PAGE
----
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And yet when I ask Taylor about the proudest moment of her career, she does not cite any of her incredible leg-side stumpings, nor one of her 7 international hundreds, nor even her stupendous catch diving full-stretch to her right at Hove against Australia in 2013.

“People always remember certain moments – everyone keeps showing me the video of my catch, or a hundred here and there, or winning the World Cup at Lord’s was amazing, and you remember those,” she says. “But it’s the stuff that they don’t see that I’ve had to get through in order to do things that I’m probably most proud of.”

She is talking, of course, of the fight she had against her own internal demons, every time she walked out to bat. Her bubbly personality and effortlessness behind the stumps meant that few suspected what was going on underneath the surface: an anxiety condition which at times rendered her unable to even leave her house.

“At its worst, it’s a panic attack. On a cricket field it happened mainly when I was about to bat, the expectation of wanting to score runs was the hardest. The nerves would hit me but it would be nerves plus something else,” she told the BBC in June 2016, in an interview which was at times painful in its candour. “I was always confused as to what it was but now I know; it’s a genuine kind of panic. The heart races, you kind of feel faint, those are things I go through. There have been times when I’ve had to run off into the changing rooms and be sick sometimes, through sheer panic.”

Cricket has long been acknowledged as a sport that takes its toll on players mentally: lengthy periods away from home on tour, a unique team sport that measures your worth by your individual performances, as well as the ever-present media scrutiny. Players like Marcus Trescothick and Jonathan Trott have increasingly felt able to open up about their mental health struggles over the last decade. And yet the women’s game, having only recently become professional, had tended to be seen as immune from such issues.

As the first high-profile female cricketer to speak candidly about her mental health, Taylor has therefore left a legacy that extends far beyond anything she achieved on the pitch.

Sarah Taylor appeals for a stumping. © ICC

“I feel like I’ve just opened a door for that to be normal,” Taylor says. “If that’s a legacy, I guess so. But it’s more a case of, I don’t want it to be something that you have to really really think about saying before you say it. I want people to discuss how they’re feeling, and say when they’re vulnerable, and it to be in a really safe environment, always. I’ve been a part of teams where it’s not safe, and where it is safe, and the difference is unbelievable really.”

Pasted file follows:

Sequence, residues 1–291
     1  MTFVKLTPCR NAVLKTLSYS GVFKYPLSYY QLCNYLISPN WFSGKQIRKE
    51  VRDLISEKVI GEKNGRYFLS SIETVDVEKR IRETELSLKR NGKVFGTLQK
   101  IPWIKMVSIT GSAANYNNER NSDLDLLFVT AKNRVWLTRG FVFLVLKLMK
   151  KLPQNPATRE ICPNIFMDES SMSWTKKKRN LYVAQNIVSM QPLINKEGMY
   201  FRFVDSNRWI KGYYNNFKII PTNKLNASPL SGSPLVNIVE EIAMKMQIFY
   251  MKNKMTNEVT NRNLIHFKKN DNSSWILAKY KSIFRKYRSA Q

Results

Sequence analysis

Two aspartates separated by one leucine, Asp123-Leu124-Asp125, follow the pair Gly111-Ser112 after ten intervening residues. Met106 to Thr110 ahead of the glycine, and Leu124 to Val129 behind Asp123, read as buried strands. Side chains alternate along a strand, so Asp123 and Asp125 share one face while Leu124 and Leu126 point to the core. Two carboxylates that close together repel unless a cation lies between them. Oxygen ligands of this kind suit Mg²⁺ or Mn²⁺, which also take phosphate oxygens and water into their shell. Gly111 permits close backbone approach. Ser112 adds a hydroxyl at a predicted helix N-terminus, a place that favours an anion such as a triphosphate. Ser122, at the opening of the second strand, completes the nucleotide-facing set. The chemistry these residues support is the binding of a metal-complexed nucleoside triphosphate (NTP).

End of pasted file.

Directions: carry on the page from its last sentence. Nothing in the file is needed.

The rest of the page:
“I’m just hoping that it becomes the norm across all sports. Especially women’s cricket now because of the profile of it getting bigger and bigger, the girls are going to be up for more scrutiny so we have to learn to deal with that. I’m hoping that it’s left the mark of – it’s normal, it’s OK.”

We are already seeing others following in Taylor’s wake with their own brutally honest accounts of the strain that elite women’s cricket can place on players’ mental well-being. Taylor’s England teammate Kate Cross last year revealed that she, too, had struggled with anxiety and depression during an almost three year absence from the England side. More recently Australia’s Nicole Bolton divulged that she had been forced to take a break from international cricket across the first half of 2019 because of mental health issues which had caused her body to “completely shut down”.

Asked if players from around the world have approached her in the wake of her openness in discussing her mental health, Taylor says that yes, it has happened on numerous occasions. “I gave a shirt to one player who because she got me out thought that I wouldn’t like her, but actually it’s just cricket. Cricket wasn’t my life, in that sense.”

“And this player has hopefully learned that actually there’s more to life than cricket. And they’ve now created quite a good, balanced lifestyle now, whereas before it was quite an unhealthy balance. Things like that have been quite nice to hear, especially when it’s other international players.”

 

Read the full article here.